Thursday, November 15, 2018

Coaching Myself: Part 1

I've kind of always wanted to try coaching myself. First of all, I am a coach, so in theory it makes sense that I should be able to coach myself. However, I've consistently had an underlying doubt in my ability to follow through with it, which is primarily because I'm a pain-in-the-ass athlete and coaching me seems like a task that someone should get paid to do. My second source of doubt stems from my ability to be extremely convincing, specifically about a belief that I've developed and thoroughly rationalized in my head to the point where I now consider it a fact. I hold certain beliefs about myself as an athlete, and my strengths and weaknesses, and I'm afraid that I'll hold myself back by getting so wrapped up in my own head.

To remedy this situation, once a week I'll meet with Ryan, who doesn't know much about triathlon coaching, but does know about all of my subconscious manipulative tendencies, and how to call me out on them. He'll look at me with this face, and I'll have no choice but to own up to my bullshit.

Yes, this photo is from our wedding... I guess he wanted to make sure I was serious about it.

The reason why I've recently turned a corner in my confidence in this endeavor is because I believe I've reached a level where:

1.) I've grown significantly as a person throughout my racing career, and I can at least acknowledge my personality flaws.

2.) I have enough coaching knowledge and experience to successfully coach such a challenging, pain-in-the-ass athlete.

Also, at this point in my career as an athlete, it feels like I have something to prove. I'm not sure what, or to whom I feel like I need to prove something, but it's an extremely motivating feeling so rather than questioning it, I'm just going to run with it (... and swim with it, and bike with it).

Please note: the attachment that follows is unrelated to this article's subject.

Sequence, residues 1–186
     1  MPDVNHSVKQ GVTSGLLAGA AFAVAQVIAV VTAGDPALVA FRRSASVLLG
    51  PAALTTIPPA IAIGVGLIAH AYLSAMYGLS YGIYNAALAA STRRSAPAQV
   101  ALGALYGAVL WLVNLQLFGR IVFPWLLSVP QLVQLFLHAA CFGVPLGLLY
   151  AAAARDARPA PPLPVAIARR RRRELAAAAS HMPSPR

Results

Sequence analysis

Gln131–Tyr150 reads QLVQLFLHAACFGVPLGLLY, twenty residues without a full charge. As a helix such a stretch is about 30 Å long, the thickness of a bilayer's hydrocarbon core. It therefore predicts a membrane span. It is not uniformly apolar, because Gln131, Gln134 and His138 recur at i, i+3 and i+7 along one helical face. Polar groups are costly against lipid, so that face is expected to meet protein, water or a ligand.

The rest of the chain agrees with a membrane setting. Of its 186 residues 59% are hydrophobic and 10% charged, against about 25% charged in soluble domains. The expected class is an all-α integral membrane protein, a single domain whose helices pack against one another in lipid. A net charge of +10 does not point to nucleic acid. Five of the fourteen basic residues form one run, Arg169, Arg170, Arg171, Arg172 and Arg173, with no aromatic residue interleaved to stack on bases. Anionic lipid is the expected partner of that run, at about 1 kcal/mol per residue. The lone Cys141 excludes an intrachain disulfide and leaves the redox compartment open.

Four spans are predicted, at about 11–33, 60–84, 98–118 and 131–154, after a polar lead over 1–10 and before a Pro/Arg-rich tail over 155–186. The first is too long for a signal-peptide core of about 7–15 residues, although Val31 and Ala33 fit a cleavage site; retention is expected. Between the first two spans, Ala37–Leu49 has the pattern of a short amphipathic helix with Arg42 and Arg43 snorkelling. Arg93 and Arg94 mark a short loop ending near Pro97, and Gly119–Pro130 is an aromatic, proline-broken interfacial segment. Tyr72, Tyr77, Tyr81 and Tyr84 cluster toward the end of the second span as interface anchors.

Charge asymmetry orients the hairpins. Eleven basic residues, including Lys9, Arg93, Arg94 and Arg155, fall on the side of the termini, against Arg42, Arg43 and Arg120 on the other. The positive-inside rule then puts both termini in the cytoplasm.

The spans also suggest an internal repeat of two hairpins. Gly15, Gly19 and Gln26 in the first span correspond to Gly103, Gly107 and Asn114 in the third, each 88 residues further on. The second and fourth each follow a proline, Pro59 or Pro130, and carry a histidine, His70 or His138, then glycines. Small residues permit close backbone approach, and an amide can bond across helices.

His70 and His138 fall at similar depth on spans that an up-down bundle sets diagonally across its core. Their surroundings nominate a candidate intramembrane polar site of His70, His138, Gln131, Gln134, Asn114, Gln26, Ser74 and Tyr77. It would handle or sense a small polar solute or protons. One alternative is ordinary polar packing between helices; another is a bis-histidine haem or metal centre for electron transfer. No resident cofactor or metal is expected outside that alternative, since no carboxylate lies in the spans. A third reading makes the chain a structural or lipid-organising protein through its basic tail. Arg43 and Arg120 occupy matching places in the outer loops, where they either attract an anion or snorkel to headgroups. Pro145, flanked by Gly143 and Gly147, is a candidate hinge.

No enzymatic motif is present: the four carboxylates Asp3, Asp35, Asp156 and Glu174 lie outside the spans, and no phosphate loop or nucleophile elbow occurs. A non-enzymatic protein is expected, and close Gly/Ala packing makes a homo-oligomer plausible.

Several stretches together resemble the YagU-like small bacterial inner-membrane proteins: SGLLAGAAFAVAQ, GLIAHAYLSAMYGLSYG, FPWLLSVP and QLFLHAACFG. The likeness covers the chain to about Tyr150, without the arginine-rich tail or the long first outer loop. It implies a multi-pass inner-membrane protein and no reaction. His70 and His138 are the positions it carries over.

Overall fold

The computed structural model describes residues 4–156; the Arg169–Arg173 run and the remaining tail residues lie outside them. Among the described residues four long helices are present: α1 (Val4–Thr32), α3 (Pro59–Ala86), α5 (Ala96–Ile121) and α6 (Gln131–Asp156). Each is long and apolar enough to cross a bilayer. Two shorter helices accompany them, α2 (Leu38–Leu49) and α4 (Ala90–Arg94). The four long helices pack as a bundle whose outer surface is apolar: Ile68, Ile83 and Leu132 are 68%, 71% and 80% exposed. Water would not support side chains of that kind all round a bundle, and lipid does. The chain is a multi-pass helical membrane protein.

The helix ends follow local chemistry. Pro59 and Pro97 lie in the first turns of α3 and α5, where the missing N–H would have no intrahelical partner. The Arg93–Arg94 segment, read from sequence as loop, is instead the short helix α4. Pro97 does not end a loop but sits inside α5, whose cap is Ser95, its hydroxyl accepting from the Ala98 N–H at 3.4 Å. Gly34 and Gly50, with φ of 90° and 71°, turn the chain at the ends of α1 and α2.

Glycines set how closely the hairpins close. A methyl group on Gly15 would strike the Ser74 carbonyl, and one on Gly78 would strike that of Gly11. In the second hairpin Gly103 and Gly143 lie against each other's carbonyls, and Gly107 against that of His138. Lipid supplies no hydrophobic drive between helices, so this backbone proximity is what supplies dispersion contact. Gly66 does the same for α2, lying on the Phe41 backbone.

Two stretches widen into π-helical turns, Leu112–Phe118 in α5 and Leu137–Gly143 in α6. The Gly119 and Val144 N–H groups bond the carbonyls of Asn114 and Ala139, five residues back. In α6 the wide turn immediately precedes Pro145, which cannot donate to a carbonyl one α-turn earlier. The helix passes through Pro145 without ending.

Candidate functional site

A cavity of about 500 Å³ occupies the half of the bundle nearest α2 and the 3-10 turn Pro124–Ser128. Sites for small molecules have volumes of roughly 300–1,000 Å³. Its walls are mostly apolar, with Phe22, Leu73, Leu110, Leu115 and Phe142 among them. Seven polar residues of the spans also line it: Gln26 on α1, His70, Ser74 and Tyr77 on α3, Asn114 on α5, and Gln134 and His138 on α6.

I'm only 1 week into this endeavor, and so far, I've been compliant to the plan. Since my minimum goal for myself is only to make it through February, I'm off to a great start. By that point, I'm sure I'll be losing my mind, but for now, I'm still at my baseline level of insanity.

Some of the things I'm working on are:

1.) Developing my aerobic fitness- I'm an extremely anaerobic athlete, even though I've been racing Ironmans for a few years now. I still burn primarily sugar even at low intensities, so I'm working on staying disciplined enough to focus on keeping my HR down, and staying slow and easy. (See Importance of Zone 1)

2.) Balancing my body and developing efficient muscle recruitment patterns- I'm already pretty in-tune with my body so I have some ideas of what I need to work on.

Side note: I've been reading a lot lately about the importance of strengthening your hip flexors rather than just stretching them to death. I'm guessing a lot of triathletes have tight hip flexors, given the position on our aero bikes. If you're stretching all the time, are you actually seeing results in your flexibility? Try strengthening them.

3.) Maximizing my swim technique- I'll be using an underwater camera to focus in on some minor details and then incorporating some swimming with a snorkel in order to focus on what I'm doing with my stroke.

I have plenty more to work on and I'll share those as I put more emphasis on them, but this is what I'm starting with.

Also, at the end of every week, I'm going to ask myself if I did my best that week. I'm going to answer that question as honestly as I can, and then track it week to week. Before every race, I think most athletes have a fear that they didn't do their best in training. You get to the point where you're tapering and you can't do anything else to build fitness and you're left alone with your doubts. You just have no way of knowing whether or not you did your best and you start questioning everything. That feeling is something I want to eliminate. One of the biggest goals that I have for myself and my athletes is to race without fear. I believe that that's the only way to ever reach your potential, and I'm hoping that tracking my best effort over time will help lead me to this goal.